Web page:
And it should come as no surprise that, because most people have a desktop computer or a laptop, the list of brands available for purchase is seemingly without end. Yes … there are dozens and dozens of manufacturers, some much better known than others but, nevertheless all of whom have a chance to impact the marketplace.
That’s just the way it is with electronic products for consumers. Technology advances so rapidly, sales explode – the revenue possibilities are enormous – that every company wants to participate in the financial windfall.
But, because there are so many manufacturers, every company doesn’t enjoy the “same share of market.” That may be obvious, but it still needs to be said.
The biggest manufacturers, American and Japanese, enjoy the greatest name recognition and, as a result, the largest market shares. You’ll know some, perhaps all, of the following names. Consider these companies … they’re the industry giants: Acer … Hewlett-Packard… Dell … Compaq … Panasonic … Gateway… Sony – the list goes on and on and on.
The computers these companies produce sell in great numbers because the companies have earned consumer trust. So, it’s no surprise that the HP Pavilion … the Dell Inspiron … the Compaq Presario … the Acer TravelNote … among many others, absorb the lion’s share of the American consumer marketplace. These computers outsell all others, generally as a result of the manufacturer’s reputation, but also as a result of “word of mouth.” People that buy them like them.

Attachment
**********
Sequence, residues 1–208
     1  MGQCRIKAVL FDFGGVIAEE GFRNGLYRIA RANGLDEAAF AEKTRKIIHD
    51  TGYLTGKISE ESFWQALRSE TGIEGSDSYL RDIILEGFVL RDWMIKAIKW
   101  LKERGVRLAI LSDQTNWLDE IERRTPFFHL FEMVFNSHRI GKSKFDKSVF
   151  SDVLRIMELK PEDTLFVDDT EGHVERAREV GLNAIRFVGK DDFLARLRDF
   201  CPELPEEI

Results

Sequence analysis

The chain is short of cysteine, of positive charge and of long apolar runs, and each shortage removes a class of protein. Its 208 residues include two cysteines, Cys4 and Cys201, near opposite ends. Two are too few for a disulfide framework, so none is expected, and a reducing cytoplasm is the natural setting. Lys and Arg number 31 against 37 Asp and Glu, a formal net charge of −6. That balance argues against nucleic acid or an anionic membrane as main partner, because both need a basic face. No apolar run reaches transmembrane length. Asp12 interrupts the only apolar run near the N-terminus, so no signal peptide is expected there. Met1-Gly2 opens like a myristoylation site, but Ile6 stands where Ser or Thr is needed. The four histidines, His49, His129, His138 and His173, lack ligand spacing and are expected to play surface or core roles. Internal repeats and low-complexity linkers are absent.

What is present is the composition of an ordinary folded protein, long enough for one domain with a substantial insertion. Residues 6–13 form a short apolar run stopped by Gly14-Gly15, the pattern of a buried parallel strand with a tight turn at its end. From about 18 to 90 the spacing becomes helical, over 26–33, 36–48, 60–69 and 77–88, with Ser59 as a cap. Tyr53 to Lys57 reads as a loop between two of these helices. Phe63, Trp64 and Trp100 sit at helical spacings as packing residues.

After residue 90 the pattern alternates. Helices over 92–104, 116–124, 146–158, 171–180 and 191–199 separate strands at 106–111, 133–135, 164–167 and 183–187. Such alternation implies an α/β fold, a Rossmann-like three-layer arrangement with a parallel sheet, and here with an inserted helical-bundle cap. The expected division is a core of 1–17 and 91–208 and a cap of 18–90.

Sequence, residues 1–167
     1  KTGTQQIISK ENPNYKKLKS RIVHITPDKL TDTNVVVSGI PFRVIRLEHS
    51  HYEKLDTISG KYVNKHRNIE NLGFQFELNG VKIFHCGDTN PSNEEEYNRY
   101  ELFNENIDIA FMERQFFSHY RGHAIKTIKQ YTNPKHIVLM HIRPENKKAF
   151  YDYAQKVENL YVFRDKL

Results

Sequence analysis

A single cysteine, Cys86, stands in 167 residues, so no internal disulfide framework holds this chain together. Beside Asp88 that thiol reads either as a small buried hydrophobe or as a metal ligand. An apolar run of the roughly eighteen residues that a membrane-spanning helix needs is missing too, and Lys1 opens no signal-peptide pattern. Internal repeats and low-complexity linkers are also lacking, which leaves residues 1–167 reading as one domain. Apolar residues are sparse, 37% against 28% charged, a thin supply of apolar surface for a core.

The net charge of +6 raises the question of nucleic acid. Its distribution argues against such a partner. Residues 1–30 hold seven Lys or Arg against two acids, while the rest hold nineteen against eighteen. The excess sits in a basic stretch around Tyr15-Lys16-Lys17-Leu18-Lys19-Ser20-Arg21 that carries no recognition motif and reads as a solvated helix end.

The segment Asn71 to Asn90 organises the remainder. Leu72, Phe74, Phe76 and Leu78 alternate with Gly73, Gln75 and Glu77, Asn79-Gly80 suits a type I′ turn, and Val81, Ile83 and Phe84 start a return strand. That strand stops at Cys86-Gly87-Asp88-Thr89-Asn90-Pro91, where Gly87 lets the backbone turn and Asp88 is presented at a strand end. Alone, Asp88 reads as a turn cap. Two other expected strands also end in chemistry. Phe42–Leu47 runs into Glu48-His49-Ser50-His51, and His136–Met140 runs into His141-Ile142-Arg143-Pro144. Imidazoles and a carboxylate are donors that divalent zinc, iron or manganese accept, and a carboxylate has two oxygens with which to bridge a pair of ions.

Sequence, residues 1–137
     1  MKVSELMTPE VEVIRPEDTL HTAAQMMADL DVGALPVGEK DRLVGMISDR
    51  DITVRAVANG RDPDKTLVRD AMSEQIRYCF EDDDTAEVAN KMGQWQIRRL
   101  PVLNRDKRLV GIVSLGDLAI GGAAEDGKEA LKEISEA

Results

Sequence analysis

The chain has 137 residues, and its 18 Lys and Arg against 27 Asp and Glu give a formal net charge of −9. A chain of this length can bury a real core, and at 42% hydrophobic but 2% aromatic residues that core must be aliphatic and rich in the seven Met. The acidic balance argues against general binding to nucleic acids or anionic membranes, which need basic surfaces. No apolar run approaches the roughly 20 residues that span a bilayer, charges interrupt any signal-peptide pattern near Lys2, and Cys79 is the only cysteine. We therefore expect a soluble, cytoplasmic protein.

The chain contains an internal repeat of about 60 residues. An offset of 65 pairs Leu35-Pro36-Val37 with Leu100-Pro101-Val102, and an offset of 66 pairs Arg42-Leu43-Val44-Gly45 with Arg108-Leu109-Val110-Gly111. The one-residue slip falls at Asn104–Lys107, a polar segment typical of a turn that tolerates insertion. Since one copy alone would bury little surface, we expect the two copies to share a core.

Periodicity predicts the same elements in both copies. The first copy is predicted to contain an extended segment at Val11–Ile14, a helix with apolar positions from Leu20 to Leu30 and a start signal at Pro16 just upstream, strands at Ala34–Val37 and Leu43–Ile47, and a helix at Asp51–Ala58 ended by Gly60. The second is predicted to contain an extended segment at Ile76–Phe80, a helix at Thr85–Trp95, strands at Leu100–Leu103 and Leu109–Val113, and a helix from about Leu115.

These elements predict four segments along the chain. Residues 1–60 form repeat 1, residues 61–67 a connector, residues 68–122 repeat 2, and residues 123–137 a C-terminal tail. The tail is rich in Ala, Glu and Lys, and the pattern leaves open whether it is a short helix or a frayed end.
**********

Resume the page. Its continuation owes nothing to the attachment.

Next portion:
Now, you may be asking yourself how lesser-known companies survive in this ferocious and highly-competitive environment? How do they earn enough of a market share? Actually, it’s not easy, but the truth is that the market for computers is so large and extensive that there is enough revenue available … even for the smallest manufacturers.
That’s why companies such as Packard Bell … Fujitsu … Samsung … Toshiba … Phillips … Olivetti … and many, many others – companies known for “other types” of electronic products – are able to carve out a niche for themselves … build a consistent revenue stream … and actually prosper as computer manufacturers.
If you’re n the market and actively considering the purchase of a laptop, for example, you need to ask yourself this question: do I want to pay a premium for a laptop manufactured by a top-of-the-line and highly-reputable company … or should I take a chance on buying a laptop for much less money form a company about which I know little if anything?
It’s a tough question. And if it’s a real concern, you can go online and Google information about any lesser-known laptop/notebook manufacturer. You’re sure to find out some interesting information about the company whose product you’ve targeted for purchase, including reviews from previous customers.
Armed with that information, you can make the correct decision. And you are certain to buy a laptop that serves you well.